In THE CRIMES OF PATRIOTS, well-respected WALL STREET JOURNAL reporter Jonathan Kwitny attempts to piece together the rise and fall of the Australian-based international Nugan Hand Bank. In the course of investigating the collapse of a multibillion dollar operation (precipitated by the suicide of half-owner Frank Nugan in 1980), Kwitny and Australian authorities discovered disturbing links between Nugan Hand, drug smugglers, arms dealers, and the CIA.
Kwitny meticulously separates documented fact from speculation, resisting the temptation to oversensationalize an already lurid tale. Nevertheless, the evidence is damning. It is difficult to believe that Nugan Hand’s connections with the CIA were coincidental: Half-owner Michael Hand was (and is?) employed by the CIA; retired CIA director William Colby worked as a lawyer for Nugan Hand; and Theodore Shackley, best known for his work with the CIA during the Vietnam War, had several dealings with top Nugan Hand officials, including Hand himself.
Kwitny does not prove that Nugan Hand was directly run by the CIA (his research in the United States has been hindered by lack of federal government cooperation), but, as he points out, the connection may never have been official. In order to maintain secrecy (and possibly to evade congressional restrictions), the CIA often attempts to carry out its aims by indirectly supporting independent operators with similar interests. For example, the CIA would use its influence to bring Nugan Hand business, and Nugan Hand would perform extralegal services, such as laundering money.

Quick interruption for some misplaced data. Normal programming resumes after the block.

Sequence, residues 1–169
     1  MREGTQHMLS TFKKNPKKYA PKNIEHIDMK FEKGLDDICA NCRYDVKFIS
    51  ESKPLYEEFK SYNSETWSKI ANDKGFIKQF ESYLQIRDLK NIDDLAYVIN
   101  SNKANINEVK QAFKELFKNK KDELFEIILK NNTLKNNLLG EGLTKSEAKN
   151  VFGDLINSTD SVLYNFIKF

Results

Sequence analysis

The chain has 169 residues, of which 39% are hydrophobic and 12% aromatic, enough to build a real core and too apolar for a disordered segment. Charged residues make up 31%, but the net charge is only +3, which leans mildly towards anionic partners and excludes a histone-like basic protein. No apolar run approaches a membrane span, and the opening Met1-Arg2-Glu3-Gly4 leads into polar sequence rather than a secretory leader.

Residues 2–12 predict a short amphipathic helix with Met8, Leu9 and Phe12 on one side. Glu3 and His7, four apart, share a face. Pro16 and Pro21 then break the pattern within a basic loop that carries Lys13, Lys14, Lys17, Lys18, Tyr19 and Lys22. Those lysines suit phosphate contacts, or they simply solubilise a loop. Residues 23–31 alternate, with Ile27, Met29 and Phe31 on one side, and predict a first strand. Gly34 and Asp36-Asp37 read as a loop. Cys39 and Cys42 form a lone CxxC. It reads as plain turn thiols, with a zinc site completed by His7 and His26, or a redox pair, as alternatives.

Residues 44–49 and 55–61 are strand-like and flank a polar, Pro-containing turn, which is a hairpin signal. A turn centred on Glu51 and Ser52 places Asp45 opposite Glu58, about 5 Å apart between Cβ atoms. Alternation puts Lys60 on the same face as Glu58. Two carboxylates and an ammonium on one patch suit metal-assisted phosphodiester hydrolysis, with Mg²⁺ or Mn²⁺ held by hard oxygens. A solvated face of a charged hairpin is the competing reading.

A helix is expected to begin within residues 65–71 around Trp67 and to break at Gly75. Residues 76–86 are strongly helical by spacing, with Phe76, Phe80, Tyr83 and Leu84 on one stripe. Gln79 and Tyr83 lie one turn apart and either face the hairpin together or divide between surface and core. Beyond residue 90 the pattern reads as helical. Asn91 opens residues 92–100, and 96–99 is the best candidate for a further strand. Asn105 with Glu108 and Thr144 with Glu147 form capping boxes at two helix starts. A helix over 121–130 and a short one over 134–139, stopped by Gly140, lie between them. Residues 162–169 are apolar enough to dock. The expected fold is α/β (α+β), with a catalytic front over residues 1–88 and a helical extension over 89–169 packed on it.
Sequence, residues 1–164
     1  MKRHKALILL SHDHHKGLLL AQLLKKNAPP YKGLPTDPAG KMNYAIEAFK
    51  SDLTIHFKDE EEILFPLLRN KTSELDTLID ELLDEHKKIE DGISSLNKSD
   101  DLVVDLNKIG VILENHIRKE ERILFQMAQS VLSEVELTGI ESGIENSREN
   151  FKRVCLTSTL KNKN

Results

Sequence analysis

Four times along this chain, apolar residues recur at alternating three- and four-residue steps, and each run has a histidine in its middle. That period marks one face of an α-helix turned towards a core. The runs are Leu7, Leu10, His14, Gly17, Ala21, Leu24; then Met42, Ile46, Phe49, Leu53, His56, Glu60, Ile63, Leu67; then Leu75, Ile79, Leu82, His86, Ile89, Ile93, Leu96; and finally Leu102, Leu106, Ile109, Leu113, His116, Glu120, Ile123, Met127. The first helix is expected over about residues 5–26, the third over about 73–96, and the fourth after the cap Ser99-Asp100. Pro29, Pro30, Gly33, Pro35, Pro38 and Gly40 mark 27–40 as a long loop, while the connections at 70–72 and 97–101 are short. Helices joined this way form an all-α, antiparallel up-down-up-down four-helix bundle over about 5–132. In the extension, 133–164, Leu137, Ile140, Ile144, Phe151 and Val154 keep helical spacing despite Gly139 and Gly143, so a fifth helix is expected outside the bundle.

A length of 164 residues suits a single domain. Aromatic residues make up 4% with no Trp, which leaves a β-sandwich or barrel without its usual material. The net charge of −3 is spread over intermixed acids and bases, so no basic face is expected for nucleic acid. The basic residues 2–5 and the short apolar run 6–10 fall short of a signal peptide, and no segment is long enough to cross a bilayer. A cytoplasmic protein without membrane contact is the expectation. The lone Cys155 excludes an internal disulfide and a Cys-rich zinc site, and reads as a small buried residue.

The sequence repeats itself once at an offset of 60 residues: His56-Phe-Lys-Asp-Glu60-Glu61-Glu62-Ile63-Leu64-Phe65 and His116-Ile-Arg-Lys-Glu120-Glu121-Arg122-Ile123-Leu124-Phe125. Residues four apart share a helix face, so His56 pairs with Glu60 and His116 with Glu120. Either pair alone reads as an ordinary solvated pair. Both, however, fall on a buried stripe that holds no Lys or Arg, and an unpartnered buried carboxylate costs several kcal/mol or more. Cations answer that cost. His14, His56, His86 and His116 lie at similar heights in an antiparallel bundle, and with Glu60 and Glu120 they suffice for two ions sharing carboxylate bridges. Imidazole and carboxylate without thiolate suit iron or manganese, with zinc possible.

In the light of the recent Iran-Contra scandal, some of Kwitny’s most interesting material is on CIA-supported drug smuggling and the American government’s reliance on organized crime bosses to execute foreign policy. Unfortunately, the questions presented by Kwitny were never answered, at least publicly, during the congressional hearings.
Although one wishes that the information had been better organized so as to avoid excessive repetition, overall Kwitny’s work is well written, absorbing, and clearly presented.